Fed won the Australian Open, Wimbledon and three Masters.
He completed the demanding "Sunshine Double" when he won at Indian Wells and Miami, beating Nadal at both places.
As Simona Halep said of Nadal at the WTA Finals: "I always love the way he's on court.
While their epic struggle has been driven by the contrast in their styles of play, they often seem intertwined -- so much so that they provided the tennis lexicon with a new word, "Fedal." These men are more than rivals.They're collegial champions and friends, ambassadors and advertisements for the game.Federer also outdueled Nadal in two critical finals, the Australian Open and Miami Masters.What's worse for Nadal is that Federer basically crushed him in three of four meetings in 2017. The others, though, were one-way traffic," Paul Annacone, a Tennis Channel commentator who coached Federer through some of his best years, told Impact on the game: Advantage, Federer It may not be performance-based, but an MVP ideally has an influence on how the game evolves as well as how it is played.Bachelot, who served as sports minister between 20, alleged that Nadal faked an injury in 2012, when he missed the final six months of the season due to knee problems, in order to hide a positive drug test.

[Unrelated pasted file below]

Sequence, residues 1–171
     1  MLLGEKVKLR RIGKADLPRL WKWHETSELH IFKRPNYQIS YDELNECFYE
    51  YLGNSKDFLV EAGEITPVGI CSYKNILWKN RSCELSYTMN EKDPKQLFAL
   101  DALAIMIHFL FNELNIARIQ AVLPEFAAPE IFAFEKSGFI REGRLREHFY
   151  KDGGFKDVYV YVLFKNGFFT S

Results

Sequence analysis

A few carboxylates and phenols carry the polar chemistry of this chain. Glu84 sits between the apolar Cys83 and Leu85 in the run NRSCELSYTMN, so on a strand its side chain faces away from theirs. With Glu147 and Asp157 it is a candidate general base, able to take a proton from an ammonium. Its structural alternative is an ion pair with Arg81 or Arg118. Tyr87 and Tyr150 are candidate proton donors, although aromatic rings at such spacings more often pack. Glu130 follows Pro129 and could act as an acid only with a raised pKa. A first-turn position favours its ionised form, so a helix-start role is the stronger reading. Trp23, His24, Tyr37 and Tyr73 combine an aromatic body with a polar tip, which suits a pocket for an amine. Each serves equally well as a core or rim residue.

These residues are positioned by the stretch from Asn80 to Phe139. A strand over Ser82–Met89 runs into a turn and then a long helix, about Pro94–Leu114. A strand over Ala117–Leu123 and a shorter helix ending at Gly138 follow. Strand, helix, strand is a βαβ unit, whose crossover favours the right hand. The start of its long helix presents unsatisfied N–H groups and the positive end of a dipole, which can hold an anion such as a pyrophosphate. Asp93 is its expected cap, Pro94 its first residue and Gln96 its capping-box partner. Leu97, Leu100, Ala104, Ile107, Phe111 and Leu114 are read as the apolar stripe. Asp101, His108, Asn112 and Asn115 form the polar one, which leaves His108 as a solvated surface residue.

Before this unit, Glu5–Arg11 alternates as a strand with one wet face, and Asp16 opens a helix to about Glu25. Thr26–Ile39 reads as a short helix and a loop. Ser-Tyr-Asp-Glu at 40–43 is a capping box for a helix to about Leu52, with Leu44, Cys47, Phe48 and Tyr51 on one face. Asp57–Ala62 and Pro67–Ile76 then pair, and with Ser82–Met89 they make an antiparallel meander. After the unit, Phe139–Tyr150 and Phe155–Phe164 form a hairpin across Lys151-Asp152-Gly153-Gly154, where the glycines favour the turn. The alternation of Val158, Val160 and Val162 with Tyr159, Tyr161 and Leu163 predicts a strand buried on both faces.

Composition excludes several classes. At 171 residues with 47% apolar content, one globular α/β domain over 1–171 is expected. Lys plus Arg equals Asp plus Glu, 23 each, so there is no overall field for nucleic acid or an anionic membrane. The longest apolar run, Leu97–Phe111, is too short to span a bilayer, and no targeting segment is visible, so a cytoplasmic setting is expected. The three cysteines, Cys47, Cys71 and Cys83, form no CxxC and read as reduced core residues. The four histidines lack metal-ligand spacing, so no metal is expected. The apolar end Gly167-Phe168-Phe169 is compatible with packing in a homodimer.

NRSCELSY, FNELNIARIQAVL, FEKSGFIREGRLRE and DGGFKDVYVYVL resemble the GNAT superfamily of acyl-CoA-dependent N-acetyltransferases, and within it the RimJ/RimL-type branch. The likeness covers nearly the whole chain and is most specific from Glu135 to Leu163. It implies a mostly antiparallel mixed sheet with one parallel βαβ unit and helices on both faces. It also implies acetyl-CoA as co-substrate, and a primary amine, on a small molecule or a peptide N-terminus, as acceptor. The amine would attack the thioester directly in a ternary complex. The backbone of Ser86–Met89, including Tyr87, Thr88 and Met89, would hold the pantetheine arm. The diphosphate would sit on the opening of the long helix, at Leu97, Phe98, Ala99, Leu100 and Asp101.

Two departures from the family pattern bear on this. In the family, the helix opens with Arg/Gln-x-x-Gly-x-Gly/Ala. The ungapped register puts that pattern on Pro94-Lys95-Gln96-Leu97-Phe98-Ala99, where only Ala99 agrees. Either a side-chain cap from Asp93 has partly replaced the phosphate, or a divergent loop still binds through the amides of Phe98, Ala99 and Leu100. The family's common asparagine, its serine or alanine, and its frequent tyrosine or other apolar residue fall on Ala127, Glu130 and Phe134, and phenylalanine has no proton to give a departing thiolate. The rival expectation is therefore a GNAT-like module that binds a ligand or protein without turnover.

Roger Federer and Rafael Nadal have created one of the greatest rivalries in sports history.
The over-30 idols staged a joint comeback this year, battling tooth, nail and press clips to sweep all four Grand Slams and end the year atop the ATP rankings (Nadal at No. Theirs was a tennis feel-great story, but it also sent a message.
Andre Agassi, now coaching Novak Djokovic, told ESPN.com: "They are redefining what people are capable of and what career longevity actually means." But the Year of Fedal did leave one intriguing question hanging for fans. " If the ATP had an MVP for 2017, would the honor go to muscular Nadal or meteoric Federer?
Nadal's age (31, compared to Federer's 36) probably had something to do with his heftier workload. That counts for a lot, but one other detail swings the pendulum to Federer's side for good: He made eight finals and won seven.
The sheer volume of matches Nadal contested also had an enormous upside. Nadal won six finals and lost four -- three of them to Federer.
(FILES) (COMBO) This combination of pictures created on April 25, 2016 shows (from L) Spain's Rafael Nadal looking on during a press conference after retiring from a match during the Miami Open in Key Biscayne on March 26, 2016 and France's then Solidarity and Social Cohesion Minister Roselyne Bachelot addressing a press conference in Berlin on February 3, 2011.